Posts Tagged: employees
Office workers rushing to their jobs. (Photo: IR Stone, via Shutterstock)
Within their homes and offices, tensions are rising between employers and employees. At least for now, COVID-19 levels appear to be declining, and companies have begun to push their employees to return to the office following an extended period of working from home.
Night view of the California state Capitol, where an effort is underway to allow staffers to unionize.(Photo: trekandshoot, via Shutterstock)
The clerks, receptionists, and those who get the coffee in the Capitol have historically been “at will” employees – meaning the legislators who employ them can fire them whenever they wish. That may be about to change.
A shoplifter puts a pair of jeans under his jacket. (Photo: Fotosenmeer, via Shutterstock)
OPINION: It’s no secret that California is facing an epidemic of retail theft and crime. Organized retail crime has a detrimental effect on our neighborhood stores and retailers. Oftentimes, stores find themselves the repeat victim of theft. Not only do the financial losses of stolen goods pile up, but they are often left with shattered windows and broken locks.
Night view of California's Capitol in Sacramento. (Photo: Kit Leong, via Shutterstock)
Inspired by their union-yearning congressional counterparts, state Capitol employees have taken to social media with anonymous posts about bad bosses and a percolating desire for the same bargaining rights enjoyed by other state workers. The Instagram account, “DearCaStaffers,” had about 2,700 followers by Thursday. That was 400 more than the day before.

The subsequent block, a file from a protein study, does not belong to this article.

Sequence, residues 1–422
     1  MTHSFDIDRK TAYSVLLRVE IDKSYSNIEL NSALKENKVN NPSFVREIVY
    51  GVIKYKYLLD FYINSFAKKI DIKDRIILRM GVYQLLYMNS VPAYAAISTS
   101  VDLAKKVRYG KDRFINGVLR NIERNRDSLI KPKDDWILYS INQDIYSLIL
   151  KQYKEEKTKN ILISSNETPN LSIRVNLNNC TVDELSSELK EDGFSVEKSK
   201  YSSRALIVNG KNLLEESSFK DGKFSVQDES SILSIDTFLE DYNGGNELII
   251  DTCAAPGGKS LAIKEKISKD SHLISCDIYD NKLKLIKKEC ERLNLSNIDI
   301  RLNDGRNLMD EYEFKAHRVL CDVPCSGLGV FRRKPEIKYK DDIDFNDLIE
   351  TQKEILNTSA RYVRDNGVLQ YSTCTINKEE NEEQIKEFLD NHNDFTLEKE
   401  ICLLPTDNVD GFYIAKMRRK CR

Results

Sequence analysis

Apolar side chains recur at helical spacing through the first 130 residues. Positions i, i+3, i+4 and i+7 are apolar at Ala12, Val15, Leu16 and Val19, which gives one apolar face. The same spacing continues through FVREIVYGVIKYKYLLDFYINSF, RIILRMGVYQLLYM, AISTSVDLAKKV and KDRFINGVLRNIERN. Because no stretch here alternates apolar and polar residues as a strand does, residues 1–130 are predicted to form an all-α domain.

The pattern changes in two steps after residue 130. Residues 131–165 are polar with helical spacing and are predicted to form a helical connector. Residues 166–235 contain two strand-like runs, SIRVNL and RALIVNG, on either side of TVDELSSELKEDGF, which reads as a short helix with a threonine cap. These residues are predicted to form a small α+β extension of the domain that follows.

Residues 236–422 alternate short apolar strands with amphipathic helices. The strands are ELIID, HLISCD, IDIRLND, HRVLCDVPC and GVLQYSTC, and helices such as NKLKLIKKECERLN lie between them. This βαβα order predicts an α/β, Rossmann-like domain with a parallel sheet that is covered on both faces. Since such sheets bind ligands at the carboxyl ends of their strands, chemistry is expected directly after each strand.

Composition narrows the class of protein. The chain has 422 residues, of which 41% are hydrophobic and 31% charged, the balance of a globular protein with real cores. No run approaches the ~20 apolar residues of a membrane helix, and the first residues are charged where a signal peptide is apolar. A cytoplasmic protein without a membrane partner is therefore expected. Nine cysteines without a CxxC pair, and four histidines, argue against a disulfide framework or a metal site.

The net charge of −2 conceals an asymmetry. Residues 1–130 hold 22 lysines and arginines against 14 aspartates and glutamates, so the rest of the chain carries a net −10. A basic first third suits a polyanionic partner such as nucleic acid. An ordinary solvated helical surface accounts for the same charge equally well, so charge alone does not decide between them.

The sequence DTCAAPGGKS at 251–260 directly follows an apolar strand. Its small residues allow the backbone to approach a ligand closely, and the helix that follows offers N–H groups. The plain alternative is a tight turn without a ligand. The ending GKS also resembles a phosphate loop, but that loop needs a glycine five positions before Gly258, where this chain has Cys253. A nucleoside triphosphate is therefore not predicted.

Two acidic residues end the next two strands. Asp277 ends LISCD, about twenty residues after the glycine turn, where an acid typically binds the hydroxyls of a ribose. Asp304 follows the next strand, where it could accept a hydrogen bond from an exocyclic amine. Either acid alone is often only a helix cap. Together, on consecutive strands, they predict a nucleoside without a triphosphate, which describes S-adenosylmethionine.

Illustratikon of COVID impact on California. (Photo: Alexander Lukatskiy, Shutterstock)
Timing can speak volumes. Consider this: As the Omicron variant of the coronavirus increases the infection rate, the federal Centers for Disease Control and Prevention cut COVID-19 quarantine and isolation times from 10 to five days on Dec. 27.
Supporters of the $15 minimum wage at a 2015 rally in Los Angeles. (Photo: Dan Holm, via Shutterstock)
Minimum-wage workers in the Golden State will get an hourly pay raise in the new year. Under California law, the state minimum wage rises to $15 per hour for employers with 26 or more workers and to $14 hourly for employers with 25 or less employees on Jan. 1, 2022.
Students at the campus of the University of California in San Diego. (Photo: Kapi Ng, via Shutterstock)
About 17,000 graduate student researchers calling themselves Student Researchers United (SRU) at 10 University of California campuses are seeking to form a union with the United Auto Workers, a campaign that began in early 2020. UC management is not wholly on board with this move of unrepresented employees.
A tipped bottle with coins: An illustration of pension funding. (Photo: JeJai Images, via Shutterstock)
OPINION: Growing public pension deficits have plagued our nation for years, but in the midst of some of the harshest fiscal blows from the pandemic, this problem is something we can no longer ignore. While California champions itself as a leader of positive change in the United States, we also happen to be the leader in skyrocketing pension obligations. And there are no signs of this unsustainable pattern slowing down.
Couple enjoying a lake in Rancho Santa Margarita, Orange County.(Photo: VG Photo, via Shutterstock)
OPINION: As Americans confront the effects of a K-shaped recovery that is further enriching the wealthy even as low- and-middle income workers struggle to stay afloat, the chasm between Wall Street and Main Street has never seemed wider. Finding ways to bridge that chasm remains one of this nation’s greatest economic challenges.
The headquarters of the California Public Employees' Retirement System in Sacramento. (Photo: Kit Leong, via Shutterstock)
OPINION: Those who think about CalPERS often limit their perspective to the context of pensions for public employees. But the reality is that every single person who wants to be able to get a job in a community with affordable housing, good schools, safe streets, and accessible public services needs CalPERS to be successful. Otherwise, we will all pay a steep price.